Dean Radin, PhD: Transitory Taboos in Science (Part 2)

In this segment Dean identifies three types of taboos in science: “transitory,” “stubborn,” and “double-secret super taboos.” The transitory taboos include stem cell research from human embryos, human cloning and human waste disposal research (or the “poo taboo”). Another taboo is that it is virtually impossible to question the causal relationship between HIV and AIDS. The reason he calls these transitory taboos is because these are controversies that won’t last forever. At one time invetro fertilization, organ transplants and vaccinations were considered extremely controversial. Earlier, the use of limes to prevent scurvy and the practice of washing hands before assisting in child birth were considered laughable by some and were ridiculed by most, thus making them taboo at the time.

Dean Radin, Ph.D. is IONS’ Senior Scientist. Dr. Radin earned a Masters degree in electrical engineering and a Ph.D. in psychology from the University of Illinois, Champaign. He has held research appointments at Princeton University, Edinburgh University, University of Nevada, and several Silicon Valley industrial research labs, where he has conducted basic research on exceptional human capacities, including psychic phenomena.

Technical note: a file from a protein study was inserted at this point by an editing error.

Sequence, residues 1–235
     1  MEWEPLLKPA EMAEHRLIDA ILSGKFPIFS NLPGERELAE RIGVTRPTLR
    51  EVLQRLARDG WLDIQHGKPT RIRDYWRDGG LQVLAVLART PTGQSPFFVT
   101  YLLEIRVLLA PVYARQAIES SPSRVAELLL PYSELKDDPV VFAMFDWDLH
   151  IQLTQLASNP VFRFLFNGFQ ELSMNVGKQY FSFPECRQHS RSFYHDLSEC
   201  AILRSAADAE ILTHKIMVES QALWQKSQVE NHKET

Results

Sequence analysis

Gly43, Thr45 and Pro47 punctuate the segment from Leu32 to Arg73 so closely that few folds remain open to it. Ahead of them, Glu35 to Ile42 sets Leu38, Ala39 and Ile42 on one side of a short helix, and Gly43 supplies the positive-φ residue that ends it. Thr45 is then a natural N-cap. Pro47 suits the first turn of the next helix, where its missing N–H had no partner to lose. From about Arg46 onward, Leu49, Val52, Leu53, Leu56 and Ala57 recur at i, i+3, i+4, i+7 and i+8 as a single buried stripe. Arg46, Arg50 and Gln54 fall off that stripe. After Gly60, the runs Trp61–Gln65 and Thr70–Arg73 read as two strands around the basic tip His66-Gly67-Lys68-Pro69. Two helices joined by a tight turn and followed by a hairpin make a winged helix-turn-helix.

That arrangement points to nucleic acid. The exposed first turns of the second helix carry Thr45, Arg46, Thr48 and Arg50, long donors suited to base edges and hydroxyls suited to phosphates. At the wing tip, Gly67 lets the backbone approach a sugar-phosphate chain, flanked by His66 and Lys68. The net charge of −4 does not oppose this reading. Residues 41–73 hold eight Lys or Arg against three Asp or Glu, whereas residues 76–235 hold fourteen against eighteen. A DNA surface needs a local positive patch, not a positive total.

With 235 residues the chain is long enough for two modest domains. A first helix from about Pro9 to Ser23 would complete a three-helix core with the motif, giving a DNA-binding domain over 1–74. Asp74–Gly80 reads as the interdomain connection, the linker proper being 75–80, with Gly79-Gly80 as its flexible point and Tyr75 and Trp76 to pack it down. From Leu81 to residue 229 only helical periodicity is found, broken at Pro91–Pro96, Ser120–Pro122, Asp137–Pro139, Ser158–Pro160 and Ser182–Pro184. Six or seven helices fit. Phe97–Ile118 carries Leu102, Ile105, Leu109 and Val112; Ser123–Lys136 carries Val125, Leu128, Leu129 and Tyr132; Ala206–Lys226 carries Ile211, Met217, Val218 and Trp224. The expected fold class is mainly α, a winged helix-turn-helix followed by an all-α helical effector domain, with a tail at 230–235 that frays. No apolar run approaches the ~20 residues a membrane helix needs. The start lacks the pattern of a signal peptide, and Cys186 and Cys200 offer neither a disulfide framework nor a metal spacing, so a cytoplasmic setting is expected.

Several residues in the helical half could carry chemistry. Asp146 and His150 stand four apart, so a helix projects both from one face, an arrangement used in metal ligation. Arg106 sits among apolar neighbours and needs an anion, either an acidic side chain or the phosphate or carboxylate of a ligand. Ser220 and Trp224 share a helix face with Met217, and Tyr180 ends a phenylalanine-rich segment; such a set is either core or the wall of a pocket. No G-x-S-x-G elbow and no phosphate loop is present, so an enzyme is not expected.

This discussion is part of the “Conversations from the Edge” 2006 series videodtaped before a live audience in San Francisco.

Published on September 15, 2009